Everyone Can Play
March 3, 2021
Clinton Lexa loves to play video games. But doing so hasn’t always been easy. Lexa was born with a disability. It affects a person’s hands, which means Lexa usually does tasks and activities, such as playing video games, left-handed. “I taught myself,” Lexa told TIME for Kids. “There was no guide.”
Today, Lexa is a professional gamer with nearly 20,000 followers on the Twitch streaming platform. Lexa is one of many people working to make video games more accessible . Developers are helping, by creating games with settings and modes that increase accessibility. And companies and organizations are designing special controllers so people with disabilities can play.
Games for All
When not gaming, Lexa works as an accessibility consultant. This means giving feedback to developers about making video games accessible to people with disabilities. One project is a difficult adventure game called Celeste. It has an “assist” mode that allows players to modify the game’s settings. Lexa suggested an update to the mode’s introduction so more people would feel encouraged to use the mode. The result is challenging while being “more inclusive,” Lexa says. “Everyone does have different needs.”
Can I Play That? is a website that reviews video games. It’s run by Courtney Craven. According to Craven, games are changing thanks to the efforts of accessibility advocates like Lexa. Craven hopes that one day, developers will be so focused on accessibility that advocates won’t be needed: “We want to not have to exist.”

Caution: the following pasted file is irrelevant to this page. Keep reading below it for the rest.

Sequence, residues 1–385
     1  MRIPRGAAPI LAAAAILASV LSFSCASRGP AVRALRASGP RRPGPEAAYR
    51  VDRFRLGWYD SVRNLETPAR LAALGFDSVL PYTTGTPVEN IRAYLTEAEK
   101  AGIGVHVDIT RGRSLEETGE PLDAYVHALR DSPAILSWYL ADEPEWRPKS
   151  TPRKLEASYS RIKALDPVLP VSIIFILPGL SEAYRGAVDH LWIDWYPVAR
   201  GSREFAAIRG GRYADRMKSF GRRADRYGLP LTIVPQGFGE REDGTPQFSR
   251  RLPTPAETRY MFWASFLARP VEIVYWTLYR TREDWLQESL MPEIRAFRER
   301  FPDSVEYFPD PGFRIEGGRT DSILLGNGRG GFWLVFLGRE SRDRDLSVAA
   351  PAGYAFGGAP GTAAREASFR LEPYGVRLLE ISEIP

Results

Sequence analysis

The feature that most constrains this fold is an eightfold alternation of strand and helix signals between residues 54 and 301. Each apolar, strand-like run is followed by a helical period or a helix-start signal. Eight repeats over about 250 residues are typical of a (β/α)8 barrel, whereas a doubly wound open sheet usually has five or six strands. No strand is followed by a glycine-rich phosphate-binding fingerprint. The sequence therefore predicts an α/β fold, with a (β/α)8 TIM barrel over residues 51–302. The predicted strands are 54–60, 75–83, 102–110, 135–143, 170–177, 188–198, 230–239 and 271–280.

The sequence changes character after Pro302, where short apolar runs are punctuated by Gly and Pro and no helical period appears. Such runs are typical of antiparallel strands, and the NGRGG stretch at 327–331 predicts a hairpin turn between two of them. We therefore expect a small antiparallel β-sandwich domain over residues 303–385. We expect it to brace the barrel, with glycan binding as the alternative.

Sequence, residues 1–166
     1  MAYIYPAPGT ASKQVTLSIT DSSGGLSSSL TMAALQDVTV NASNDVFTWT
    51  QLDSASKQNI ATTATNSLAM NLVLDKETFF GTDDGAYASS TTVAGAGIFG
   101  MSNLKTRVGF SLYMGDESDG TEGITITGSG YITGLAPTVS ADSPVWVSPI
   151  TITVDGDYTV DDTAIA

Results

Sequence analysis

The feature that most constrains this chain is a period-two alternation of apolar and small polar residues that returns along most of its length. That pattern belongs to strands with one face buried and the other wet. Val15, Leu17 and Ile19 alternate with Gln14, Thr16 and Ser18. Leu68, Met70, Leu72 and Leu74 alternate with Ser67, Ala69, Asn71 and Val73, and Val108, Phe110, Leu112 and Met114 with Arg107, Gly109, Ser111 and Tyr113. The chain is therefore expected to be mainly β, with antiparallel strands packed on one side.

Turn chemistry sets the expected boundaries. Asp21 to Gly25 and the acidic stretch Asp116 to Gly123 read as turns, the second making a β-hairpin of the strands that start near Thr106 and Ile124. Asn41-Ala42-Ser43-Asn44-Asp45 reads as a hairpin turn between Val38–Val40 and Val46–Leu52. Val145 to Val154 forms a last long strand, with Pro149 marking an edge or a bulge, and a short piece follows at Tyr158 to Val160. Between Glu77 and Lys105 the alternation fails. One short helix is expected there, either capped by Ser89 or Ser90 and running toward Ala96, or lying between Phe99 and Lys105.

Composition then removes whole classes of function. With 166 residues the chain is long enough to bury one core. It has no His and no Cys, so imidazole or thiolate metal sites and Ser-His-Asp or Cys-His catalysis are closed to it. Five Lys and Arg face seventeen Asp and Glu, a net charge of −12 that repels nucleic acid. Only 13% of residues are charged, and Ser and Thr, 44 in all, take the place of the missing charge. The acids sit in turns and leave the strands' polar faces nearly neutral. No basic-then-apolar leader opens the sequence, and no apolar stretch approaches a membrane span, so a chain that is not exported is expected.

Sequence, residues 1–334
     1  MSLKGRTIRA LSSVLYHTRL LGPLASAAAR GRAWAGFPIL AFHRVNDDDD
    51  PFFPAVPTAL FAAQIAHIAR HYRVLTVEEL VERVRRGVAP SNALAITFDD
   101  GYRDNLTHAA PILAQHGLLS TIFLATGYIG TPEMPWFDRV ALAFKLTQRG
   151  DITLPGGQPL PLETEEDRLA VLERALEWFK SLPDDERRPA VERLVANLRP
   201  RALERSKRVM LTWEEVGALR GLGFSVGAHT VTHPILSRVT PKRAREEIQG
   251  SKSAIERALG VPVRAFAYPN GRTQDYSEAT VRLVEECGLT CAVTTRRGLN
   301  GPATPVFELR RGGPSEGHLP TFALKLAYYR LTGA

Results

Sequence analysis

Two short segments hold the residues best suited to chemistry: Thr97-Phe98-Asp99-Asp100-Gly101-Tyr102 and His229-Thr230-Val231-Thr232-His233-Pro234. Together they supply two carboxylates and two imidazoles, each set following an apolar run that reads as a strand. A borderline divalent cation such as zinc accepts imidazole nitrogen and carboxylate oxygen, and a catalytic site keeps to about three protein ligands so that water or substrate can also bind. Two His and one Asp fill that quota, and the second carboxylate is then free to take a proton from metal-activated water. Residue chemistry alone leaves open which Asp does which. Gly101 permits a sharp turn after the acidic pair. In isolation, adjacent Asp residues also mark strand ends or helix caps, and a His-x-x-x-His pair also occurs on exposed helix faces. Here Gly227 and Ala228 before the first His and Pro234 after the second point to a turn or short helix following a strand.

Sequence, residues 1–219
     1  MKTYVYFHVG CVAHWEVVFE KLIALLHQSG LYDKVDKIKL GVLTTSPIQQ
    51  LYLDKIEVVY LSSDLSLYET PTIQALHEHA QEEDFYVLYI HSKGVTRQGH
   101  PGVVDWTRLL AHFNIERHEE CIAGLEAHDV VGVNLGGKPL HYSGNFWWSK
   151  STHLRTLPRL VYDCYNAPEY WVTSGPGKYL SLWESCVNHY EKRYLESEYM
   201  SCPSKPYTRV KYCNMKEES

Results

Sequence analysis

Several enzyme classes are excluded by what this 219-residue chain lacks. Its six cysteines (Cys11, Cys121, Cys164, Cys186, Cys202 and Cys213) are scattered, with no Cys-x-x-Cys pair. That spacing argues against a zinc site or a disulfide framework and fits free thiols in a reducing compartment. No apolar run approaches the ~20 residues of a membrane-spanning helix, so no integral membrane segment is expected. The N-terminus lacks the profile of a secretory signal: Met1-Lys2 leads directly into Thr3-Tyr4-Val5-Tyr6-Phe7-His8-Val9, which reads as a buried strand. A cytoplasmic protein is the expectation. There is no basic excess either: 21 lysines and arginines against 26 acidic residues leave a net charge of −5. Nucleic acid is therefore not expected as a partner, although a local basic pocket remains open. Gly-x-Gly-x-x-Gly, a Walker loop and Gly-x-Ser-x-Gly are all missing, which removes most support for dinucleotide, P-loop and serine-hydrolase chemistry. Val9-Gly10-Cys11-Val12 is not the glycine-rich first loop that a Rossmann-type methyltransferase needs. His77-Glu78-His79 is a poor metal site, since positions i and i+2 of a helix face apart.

Mark Barlet is the founder of the AbleGamers Charity, which works to make gaming more inclusive. He says people with disabilities can sometimes feel alone or isolated. “Social isolation is a pandemic,” Barlet says. “Video games are this shared experience that allows us to build friendships.”
AbleGamers creates these shared experiences. It helps people with disabilities find and build controllers that enable them to play. “Our mission is about combating social isolation,” Barlet says. Tools such as the Xbox Adaptive Controller, which AbleGamers helped design, make this possible.
Craig Kaufman is senior director of community and inclusion at AbleGamers. “We basically had to make sure that the industry was paying attention and focused on including players with disabilities,” he says. “Because for the longest time, most people didn’t.”